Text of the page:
Mi Gente! Today we celebrate National Hispanic Heritage Month, spanning from September 15 to October 15, as an annual celebration that holds profound significance beyond its vibrant festivities. This observance is a time to honor the cultural, historical, and societal contributions of Hispanic and Latino communities in the United States and around the world. Beyond the colorful parades and joyful events, this month serves as a catalyst for social justice and philanthropy. By acknowledging the past, addressing disparities, and uplifting the voices of Hispanics and Latinos, this celebration fosters a more equitable society for all.
National Hispanic Heritage Month underscores the importance of representation and recognition. It acknowledges the enduring contributions of Hispanic and Latino individuals across various domains, including the arts, sciences, politics, and community leadership.
Notable Contributions from Latino Leaders
Dolores Huerta: An iconic civil rights activist and labor leader, Dolores Huerta co-founded the United Farm Workers union, advocating for fair wages, safe working conditions, and labor rights for agricultural workers, many of whom were Latinos. Her efforts transformed the lives of countless individuals and continue to resonate in the fight for workers' rights.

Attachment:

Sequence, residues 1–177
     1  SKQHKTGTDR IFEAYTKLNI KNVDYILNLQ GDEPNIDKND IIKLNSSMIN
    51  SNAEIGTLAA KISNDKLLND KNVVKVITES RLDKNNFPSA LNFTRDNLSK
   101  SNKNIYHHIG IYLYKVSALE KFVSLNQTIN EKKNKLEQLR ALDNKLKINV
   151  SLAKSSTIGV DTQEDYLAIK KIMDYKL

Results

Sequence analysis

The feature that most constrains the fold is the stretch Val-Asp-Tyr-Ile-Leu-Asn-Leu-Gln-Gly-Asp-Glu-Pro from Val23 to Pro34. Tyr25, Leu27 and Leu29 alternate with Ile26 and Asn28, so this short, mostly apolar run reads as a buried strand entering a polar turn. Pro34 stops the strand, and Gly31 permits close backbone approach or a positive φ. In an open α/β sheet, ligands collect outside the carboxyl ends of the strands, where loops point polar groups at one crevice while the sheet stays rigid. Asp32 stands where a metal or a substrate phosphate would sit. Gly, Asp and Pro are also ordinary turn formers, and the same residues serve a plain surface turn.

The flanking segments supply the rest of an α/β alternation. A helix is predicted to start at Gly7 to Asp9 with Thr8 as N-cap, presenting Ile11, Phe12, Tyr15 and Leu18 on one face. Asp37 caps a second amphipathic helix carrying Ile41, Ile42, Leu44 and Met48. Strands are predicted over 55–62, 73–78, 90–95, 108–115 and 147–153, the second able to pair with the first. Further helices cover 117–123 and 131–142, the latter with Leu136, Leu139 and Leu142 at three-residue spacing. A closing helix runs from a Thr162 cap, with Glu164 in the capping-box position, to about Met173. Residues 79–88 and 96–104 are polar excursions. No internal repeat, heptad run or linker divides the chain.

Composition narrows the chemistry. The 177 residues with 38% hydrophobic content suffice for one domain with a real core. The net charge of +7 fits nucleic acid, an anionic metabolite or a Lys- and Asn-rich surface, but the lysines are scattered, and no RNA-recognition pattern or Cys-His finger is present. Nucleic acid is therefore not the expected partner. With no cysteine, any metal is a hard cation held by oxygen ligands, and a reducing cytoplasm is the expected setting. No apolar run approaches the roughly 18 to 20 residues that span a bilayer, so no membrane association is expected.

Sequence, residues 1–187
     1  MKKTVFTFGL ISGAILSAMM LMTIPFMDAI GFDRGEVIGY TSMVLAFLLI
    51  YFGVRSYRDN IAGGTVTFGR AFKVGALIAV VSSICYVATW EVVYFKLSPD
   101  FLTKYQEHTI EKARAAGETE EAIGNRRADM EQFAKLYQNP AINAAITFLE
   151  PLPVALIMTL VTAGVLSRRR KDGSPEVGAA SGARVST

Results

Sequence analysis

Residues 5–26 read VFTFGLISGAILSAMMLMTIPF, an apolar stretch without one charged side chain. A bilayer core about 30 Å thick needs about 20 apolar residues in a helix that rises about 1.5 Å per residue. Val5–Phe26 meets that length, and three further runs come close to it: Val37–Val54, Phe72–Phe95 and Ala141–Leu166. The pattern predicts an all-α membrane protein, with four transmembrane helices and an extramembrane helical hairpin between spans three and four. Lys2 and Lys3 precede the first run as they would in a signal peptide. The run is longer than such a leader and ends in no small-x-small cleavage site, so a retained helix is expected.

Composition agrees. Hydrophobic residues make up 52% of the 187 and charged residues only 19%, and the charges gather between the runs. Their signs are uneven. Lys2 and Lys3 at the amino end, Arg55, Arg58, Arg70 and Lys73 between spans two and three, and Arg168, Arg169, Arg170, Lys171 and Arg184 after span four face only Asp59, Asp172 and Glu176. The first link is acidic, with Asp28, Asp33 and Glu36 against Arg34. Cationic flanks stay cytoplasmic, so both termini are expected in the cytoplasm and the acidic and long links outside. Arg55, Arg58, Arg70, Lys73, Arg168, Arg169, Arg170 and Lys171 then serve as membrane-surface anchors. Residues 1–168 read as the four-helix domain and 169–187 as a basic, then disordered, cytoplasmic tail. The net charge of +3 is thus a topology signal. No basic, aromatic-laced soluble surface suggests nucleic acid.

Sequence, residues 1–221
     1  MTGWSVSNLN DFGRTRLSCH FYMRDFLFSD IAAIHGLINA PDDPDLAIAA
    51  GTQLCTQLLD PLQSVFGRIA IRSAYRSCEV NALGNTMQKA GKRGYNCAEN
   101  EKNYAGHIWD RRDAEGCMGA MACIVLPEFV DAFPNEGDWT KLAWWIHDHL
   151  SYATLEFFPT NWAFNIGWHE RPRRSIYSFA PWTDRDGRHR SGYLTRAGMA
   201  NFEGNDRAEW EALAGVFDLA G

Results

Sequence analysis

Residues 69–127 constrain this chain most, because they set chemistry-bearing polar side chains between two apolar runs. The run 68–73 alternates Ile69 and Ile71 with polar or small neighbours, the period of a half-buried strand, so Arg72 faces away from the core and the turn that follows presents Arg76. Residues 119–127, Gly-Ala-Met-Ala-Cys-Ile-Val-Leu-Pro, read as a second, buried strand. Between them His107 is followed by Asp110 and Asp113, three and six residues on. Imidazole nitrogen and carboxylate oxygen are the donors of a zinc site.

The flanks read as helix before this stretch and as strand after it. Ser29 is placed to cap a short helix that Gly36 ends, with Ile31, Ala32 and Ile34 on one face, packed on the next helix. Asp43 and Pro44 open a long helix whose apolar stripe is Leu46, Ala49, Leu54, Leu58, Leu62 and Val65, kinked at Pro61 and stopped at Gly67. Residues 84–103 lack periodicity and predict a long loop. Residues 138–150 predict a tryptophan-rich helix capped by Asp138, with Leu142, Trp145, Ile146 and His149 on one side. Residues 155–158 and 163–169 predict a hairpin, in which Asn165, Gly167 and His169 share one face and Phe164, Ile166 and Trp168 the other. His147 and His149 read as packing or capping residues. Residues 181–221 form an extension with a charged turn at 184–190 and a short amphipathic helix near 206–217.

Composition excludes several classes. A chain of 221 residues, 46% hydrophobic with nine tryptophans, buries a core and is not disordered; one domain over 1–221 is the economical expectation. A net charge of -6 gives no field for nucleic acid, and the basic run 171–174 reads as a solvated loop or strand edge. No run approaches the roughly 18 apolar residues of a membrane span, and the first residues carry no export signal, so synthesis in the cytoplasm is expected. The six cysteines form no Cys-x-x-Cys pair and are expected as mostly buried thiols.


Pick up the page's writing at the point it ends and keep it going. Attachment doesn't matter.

“Every moment is an organizing opportunity, every person a potential activist, every minute a chance to change the world.” — Dolores Huerta
Ricky Martin: Renowned as the King of Latin Music around the world, Ricky Martin is also a philanthropist and activist, who has made significant contributions to the Latino and LGBTQ communities. Through his charitable foundation Fundación Ricky Martin he advocates for children's well-being in critical areas such as social justice, education, and health, with a primary focus on eliminating child trafficking through education via the People for Children project. His dedication extends beyond advocacy, as his foundation engages in community social action programs and disaster relief efforts such as assisting Puerto Rico's recovery after Hurricane Maria and aiding Syrian refugees.
Jorge Ramos: As a prominent journalist, Jorge Ramos has amplified the voices of Latino communities through his work in both English and Spanish media. By asking tough questions and addressing critical issues, he has become a vital advocate for social justice and equal representation in the media landscape. Part of Ramos’ legacy in media is that his presence has paved the way for an entirely new generation of Latino national and global on-air anchors and television journalists appearing in broadcast and cable news. His daughter, Paola Ramos, has followed in his footsteps into the world of broadcast and print journalism.
Sonia Sotomayor: The first Latina Supreme Court Justice, Sonia Sotomayor, exemplifies the power of representation. Her achievements have not only broken barriers but also inspired generations of young Latinos to pursue their dreams and overcome obstacles. Her commitment to justice and equity continues to impact the lives of Americans from all walks of life.